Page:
One, Democrats have become captives of their own DEI (“diversity, equity, and inclusion”) rhetoric, and they are simply incapable of cashiering a woman of color in a position of authority under any circumstances, because the optics would be less-than-progressive and doing so would provoke howls of protest (the howls and the howlers suggest themselves) from certain key constituencies of the Democratic Party.

Two, Harris is to be retained because Joe Biden and his inner circle regard the GOP as so dysfunctional and electorally inept that they can put forward virtually anyone as their presidential and vice-presidential candidates, and Americans will have no choice but to vote for them. In other words, they view candidate quality as irrelevant, because the opposition has disqualified itself and is no longer viable. If you take seriously the claims made by Joe Biden in his presidential campaign announcement – that the Republicans have become“MAGA extremists lining up to take [our] freedoms away”, and to blow up American democracy in the process – then it makes sense that Americans would choose anyone and anything over four more years of Trumpist tyranny. (On the other hand, Republicans won the popular vote for the House in 2022 by 3 points, suggesting that reports of the death of the GOP are greatly exaggerated.)


The last possible explanation for Joe Biden's retention of Kamala Harris is more tactical in nature. Joe Biden's team, realizing his weakness, may believe that he requires a foil: a patsy to stand next to him who can, by his or her sheer awfulness, make “the Big Guy” look comparatively wise, capable, articulate, and continent (okay, three out of four ain't bad).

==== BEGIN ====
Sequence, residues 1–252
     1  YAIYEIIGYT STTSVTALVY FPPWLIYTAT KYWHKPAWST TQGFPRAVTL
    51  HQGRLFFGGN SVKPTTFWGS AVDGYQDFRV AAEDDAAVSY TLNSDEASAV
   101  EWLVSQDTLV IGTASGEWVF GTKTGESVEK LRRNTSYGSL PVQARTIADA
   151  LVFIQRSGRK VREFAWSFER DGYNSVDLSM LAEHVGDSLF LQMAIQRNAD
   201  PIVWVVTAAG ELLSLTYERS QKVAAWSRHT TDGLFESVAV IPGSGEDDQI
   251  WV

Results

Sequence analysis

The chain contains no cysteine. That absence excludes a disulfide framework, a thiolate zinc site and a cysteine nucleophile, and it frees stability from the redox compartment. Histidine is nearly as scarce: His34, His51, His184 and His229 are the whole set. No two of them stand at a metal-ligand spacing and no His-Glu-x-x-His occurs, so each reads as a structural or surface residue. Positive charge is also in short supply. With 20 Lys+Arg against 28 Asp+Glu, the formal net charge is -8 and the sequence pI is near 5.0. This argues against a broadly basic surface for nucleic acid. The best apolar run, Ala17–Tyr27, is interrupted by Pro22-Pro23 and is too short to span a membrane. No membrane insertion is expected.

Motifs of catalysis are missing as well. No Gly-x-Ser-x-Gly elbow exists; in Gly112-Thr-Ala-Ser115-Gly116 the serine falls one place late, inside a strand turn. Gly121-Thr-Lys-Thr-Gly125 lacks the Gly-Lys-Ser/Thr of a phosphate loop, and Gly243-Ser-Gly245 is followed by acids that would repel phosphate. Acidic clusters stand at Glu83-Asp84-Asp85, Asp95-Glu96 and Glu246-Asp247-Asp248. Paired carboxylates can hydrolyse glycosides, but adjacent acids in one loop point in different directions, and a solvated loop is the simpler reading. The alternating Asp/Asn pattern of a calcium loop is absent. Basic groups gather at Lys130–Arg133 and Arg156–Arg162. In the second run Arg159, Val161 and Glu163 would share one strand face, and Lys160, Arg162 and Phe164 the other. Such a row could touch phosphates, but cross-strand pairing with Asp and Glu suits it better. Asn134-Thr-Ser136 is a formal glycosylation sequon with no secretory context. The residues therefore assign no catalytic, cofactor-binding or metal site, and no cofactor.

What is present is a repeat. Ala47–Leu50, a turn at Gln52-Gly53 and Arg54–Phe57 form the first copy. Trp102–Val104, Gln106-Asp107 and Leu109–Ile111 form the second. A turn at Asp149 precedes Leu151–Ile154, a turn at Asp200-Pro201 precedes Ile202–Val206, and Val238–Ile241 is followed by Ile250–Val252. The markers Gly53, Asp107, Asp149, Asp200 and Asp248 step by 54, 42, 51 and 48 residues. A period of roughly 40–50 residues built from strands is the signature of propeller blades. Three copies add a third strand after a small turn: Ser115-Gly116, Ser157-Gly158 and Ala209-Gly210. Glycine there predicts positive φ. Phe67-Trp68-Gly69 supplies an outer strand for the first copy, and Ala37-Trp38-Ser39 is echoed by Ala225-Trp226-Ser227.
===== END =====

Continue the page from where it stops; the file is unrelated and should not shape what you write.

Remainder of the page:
This is the role that Kamala Harris was born to play. She's played it to perfection since January 2021, provoking in Democrats and Republicans alike the resigned admission: “Yeah, Biden is no prize pig, but at least he isn't...her.” 

And, maybe, given the realities of American politics, in which voters often vote for the candidate who they find least odious, this is enough. Voters, in short, don't have to like or believe in Joe Biden – they simply have to be able to imagine something or someone worse. 

Presto! Cue Madam Vice-President...

The other way to look at all this, of course, is to observe that, by fielding a team of duds, the Democrats are almost certainly granting the Republican ticket a golden opportunity to outperform expectations in 2024, and quite possibly to seize back control of the White House (and, in that case, in all likelihood Congress as well). 

Some have said that in 2016 only Hillary Clinton – a singularly weak and unlikable candidate – could have lost to Donald Trump. She did so, of course, partly because Democrats had convinced themselves that such a thing was impossible.

Could history be about to repeat itself in 2024? Could Biden fizzle and let Trump into the White House through the backdoor – a door held open by a bumbling, cackling Kamala Harris?


All we can do is wait and see.

Dr. Nicholas L. Waddy is an Associate Professor of History at SUNY Alfred and blogs at: He appears on the Newsmaker Show on WLEA 1480/106.9.